The demographic data are given in table 1. All patients were male, with a normal distribution of age and morphometric characteristics for a patient population undergoing radical prostate surgery.
Table 1. Demographic Data
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Table 1. Demographic Data
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During the initial 45 min after the spinal was administered, core temperature decreased rapidly to more than 1°C below the preoperative baseline (fig. 1). By the end of the surgical procedure, mean core temperature was 1.5°C below the preoperative baseline value. Mean core temperature at admission to the PACU was 35.1 ± 0.6°C (range, 33.6–36.3). Rewarming was slow in the postoperative period, in which patients were allowed to rewarm passively.
Fig. 1. Core temperature (tympanic) decreases immediately after onset of spinal anesthesia, and rewarming is slow in the postoperative period. Values on the x  -axis represent minutes. Data are expressed as the mean ± SEM. Pre = before spinal; PO = prostate out; End = end of surgery.
Fig. 1. Core temperature (tympanic) decreases immediately after onset of spinal anesthesia, and rewarming is slow in the postoperative period. Values on the x 
	-axis represent minutes. Data are expressed as the mean ± SEM. Pre = before spinal; PO = prostate out; End = end of surgery.
Fig. 1. Core temperature (tympanic) decreases immediately after onset of spinal anesthesia, and rewarming is slow in the postoperative period. Values on the x  -axis represent minutes. Data are expressed as the mean ± SEM. Pre = before spinal; PO = prostate out; End = end of surgery.
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Predictors of core temperature at admission to the PACU were identified by univariate and multivariate analyses (table 2). Duration of surgery, ambient operating room temperature, body mass, body mass index, and percentage body fat were not significant predictors of hypothermia. A high level of spinal blockade and advanced age were predictors of low core temperature by both univariate and multivariate tests. Figure 2shows the associations of age and level of spinal blockade with core temperature at admission to the PACU.
Table 2. Predictors of Hypothermia during Spinal Anesthesia
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Table 2. Predictors of Hypothermia during Spinal Anesthesia
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Fig. 2. Advanced age and high level of spinal block were significant predictors of core hypothermia at admission to the postanesthesia care unit by linear regression.
Fig. 2. Advanced age and high level of spinal block were significant predictors of core hypothermia at admission to the postanesthesia care unit by linear regression.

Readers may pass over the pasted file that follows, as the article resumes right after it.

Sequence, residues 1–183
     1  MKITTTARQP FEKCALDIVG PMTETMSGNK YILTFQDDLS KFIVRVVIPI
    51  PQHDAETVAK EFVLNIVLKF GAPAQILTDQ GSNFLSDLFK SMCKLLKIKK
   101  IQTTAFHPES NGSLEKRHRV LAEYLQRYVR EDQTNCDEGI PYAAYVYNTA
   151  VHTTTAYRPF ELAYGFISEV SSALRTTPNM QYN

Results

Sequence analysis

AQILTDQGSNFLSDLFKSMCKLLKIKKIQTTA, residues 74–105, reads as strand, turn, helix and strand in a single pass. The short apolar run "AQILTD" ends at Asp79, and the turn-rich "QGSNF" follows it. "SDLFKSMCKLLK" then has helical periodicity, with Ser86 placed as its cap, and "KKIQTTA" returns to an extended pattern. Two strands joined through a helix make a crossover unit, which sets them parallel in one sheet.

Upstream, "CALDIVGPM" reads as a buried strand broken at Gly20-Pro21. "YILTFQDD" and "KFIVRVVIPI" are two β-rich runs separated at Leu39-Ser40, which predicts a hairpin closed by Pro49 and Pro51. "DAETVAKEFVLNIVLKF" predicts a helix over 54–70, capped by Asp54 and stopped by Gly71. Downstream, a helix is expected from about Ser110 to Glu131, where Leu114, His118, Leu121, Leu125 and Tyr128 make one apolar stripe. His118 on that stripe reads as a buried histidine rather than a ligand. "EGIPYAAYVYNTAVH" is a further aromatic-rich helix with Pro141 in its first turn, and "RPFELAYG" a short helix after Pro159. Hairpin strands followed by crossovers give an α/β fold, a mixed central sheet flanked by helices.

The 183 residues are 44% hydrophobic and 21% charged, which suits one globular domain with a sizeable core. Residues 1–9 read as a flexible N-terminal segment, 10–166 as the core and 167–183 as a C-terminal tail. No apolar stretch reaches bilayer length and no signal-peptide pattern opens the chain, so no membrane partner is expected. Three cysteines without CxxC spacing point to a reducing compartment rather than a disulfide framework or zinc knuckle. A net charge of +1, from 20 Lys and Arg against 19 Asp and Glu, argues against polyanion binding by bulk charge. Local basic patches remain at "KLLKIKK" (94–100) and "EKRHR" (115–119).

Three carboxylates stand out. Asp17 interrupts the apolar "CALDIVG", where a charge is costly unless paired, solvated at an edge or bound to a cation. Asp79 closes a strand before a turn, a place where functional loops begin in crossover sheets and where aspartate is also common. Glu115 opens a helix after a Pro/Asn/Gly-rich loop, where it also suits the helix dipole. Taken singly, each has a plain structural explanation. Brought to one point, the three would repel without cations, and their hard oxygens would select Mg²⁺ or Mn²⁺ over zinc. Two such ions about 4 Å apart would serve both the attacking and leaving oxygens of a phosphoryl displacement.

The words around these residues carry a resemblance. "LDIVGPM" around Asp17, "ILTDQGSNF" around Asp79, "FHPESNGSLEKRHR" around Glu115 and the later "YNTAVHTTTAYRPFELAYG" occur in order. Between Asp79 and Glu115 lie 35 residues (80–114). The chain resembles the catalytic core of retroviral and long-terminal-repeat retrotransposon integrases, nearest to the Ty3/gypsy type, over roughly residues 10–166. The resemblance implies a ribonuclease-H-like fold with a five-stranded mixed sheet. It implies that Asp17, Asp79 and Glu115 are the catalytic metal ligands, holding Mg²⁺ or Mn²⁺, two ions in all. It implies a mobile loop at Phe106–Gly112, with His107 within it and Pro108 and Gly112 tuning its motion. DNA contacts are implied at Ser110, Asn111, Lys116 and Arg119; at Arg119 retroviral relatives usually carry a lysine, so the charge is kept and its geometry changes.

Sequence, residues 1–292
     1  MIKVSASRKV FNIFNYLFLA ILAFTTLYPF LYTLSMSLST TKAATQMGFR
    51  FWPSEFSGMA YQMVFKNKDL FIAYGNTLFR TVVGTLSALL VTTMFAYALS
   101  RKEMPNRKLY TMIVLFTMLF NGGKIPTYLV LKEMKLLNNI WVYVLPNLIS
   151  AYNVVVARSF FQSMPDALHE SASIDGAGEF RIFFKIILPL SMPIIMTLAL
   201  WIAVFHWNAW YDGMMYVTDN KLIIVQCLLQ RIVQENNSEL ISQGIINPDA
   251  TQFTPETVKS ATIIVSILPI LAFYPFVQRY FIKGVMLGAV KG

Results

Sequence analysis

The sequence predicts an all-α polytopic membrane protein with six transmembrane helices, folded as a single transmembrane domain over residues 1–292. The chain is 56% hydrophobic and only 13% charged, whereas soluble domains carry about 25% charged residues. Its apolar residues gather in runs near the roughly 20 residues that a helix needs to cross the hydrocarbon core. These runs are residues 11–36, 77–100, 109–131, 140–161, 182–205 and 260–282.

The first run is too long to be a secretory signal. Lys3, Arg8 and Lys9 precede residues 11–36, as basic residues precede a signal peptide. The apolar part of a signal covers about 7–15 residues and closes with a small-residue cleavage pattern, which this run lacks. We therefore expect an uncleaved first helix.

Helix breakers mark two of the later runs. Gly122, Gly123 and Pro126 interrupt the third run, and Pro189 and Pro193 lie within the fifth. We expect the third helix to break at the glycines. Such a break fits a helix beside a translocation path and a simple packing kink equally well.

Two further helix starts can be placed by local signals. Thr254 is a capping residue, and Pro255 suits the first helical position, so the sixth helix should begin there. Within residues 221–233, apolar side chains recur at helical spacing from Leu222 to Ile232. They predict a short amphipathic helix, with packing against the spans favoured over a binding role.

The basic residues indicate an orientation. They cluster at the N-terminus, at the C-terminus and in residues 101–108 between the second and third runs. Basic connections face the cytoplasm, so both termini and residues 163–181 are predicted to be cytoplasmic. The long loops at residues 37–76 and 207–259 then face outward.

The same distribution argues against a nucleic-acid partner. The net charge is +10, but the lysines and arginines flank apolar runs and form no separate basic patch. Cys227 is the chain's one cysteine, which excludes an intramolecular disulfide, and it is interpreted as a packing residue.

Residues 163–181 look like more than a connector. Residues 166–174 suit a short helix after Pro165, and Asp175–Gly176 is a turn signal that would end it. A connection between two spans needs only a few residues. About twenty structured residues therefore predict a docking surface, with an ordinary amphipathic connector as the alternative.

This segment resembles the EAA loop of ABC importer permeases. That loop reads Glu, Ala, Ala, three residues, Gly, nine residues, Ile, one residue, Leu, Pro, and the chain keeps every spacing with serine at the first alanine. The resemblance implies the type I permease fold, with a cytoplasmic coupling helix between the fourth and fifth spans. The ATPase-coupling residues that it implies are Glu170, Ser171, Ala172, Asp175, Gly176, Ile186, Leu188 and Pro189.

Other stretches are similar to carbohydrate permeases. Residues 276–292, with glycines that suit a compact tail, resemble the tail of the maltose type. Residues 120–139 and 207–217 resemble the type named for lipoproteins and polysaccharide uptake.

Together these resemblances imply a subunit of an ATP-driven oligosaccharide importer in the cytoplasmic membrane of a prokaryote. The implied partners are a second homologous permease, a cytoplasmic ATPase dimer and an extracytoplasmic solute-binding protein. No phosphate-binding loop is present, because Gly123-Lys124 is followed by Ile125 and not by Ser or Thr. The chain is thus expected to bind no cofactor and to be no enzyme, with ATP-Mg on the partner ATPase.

Fig. 2. Advanced age and high level of spinal block were significant predictors of core hypothermia at admission to the postanesthesia care unit by linear regression.
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The regression equations describing the effects of age and block level were, respectively, as follows: core temperature (°C) = 34.37 + (0.15 · dermatomal block level), and core temperature (°C) = 36.72 − (0.03 · age in yr). The effect of increasingly high block level, therefore, was a 0.15°C decrease in core temperature for each additional dermatomal level. For each year of increasing age there was a 0.03°C decrease in core temperature.
Of the five surgeons whose patients were involved in the study, one routinely used a smaller incision (≈ 10–12 cm) compared with the others (≈ 20–25 cm). Seven of the 44 patients were operated on by this surgeon. Demographically, these patients were no different from the other patients in age, height, weight, duration of surgery, ambient temperature, amount of blood loss, or height of spinal block. Mean core temperature at admission to the PACU was similar between patients of this surgeon (34.9 ± 0.5°C) and those of the other surgeons (35.1 ± 0.6°C;P  = 0.77).
Discussion
Although advanced age and high level of spinal blockade were significant predictors of core hypothermia during spinal anesthesia, other variables (ambient temperature, body habitus, amount of blood loss, and duration of surgery) were not predictors of changes in core temperature. High levels of spinal blockade are known to decrease the core temperature threshold for shivering, 17 but no previous study has shown a high level of blockade to be associated with a greater magnitude of core hypothermia in the clinical setting. As with general anesthesia, 18 advanced age is a risk factor for hypothermia during spinal anesthesia, but in contrast to general anesthesia, body habitus and ambient operating room temperature (within the range reported) were not predictors of hypothermia.
The correlation between high-level spinal blockade and low core temperature during spinal anesthesia is consistent with the known physiologic effects of spinal anesthesia. Both vasomotor tone and shivering are inhibited below the level of the spinal block through sympathetic and somatic neural blockade, respectively. 19 The greater the proportion of the body that is blocked, the more impairment of thermoregulatory function is to be expected. In support of this is the study by Leslie and Sessler, 17 which showed a decreased shivering threshold in proportion with the level of spinal blockade. These investigators showed that core temperature threshold was decreased by 0.06°C for each dermatomal level that was blocked. Our study confirms the findings of Leslie and Sessler 17 in the clinical setting by demonstrating high block level to be a risk factor for core hypothermia. In our analysis, for each additional dermatomal level of spinal blockade there was a decrease of 0.15°C for predicted core temperature at admission to the PACU.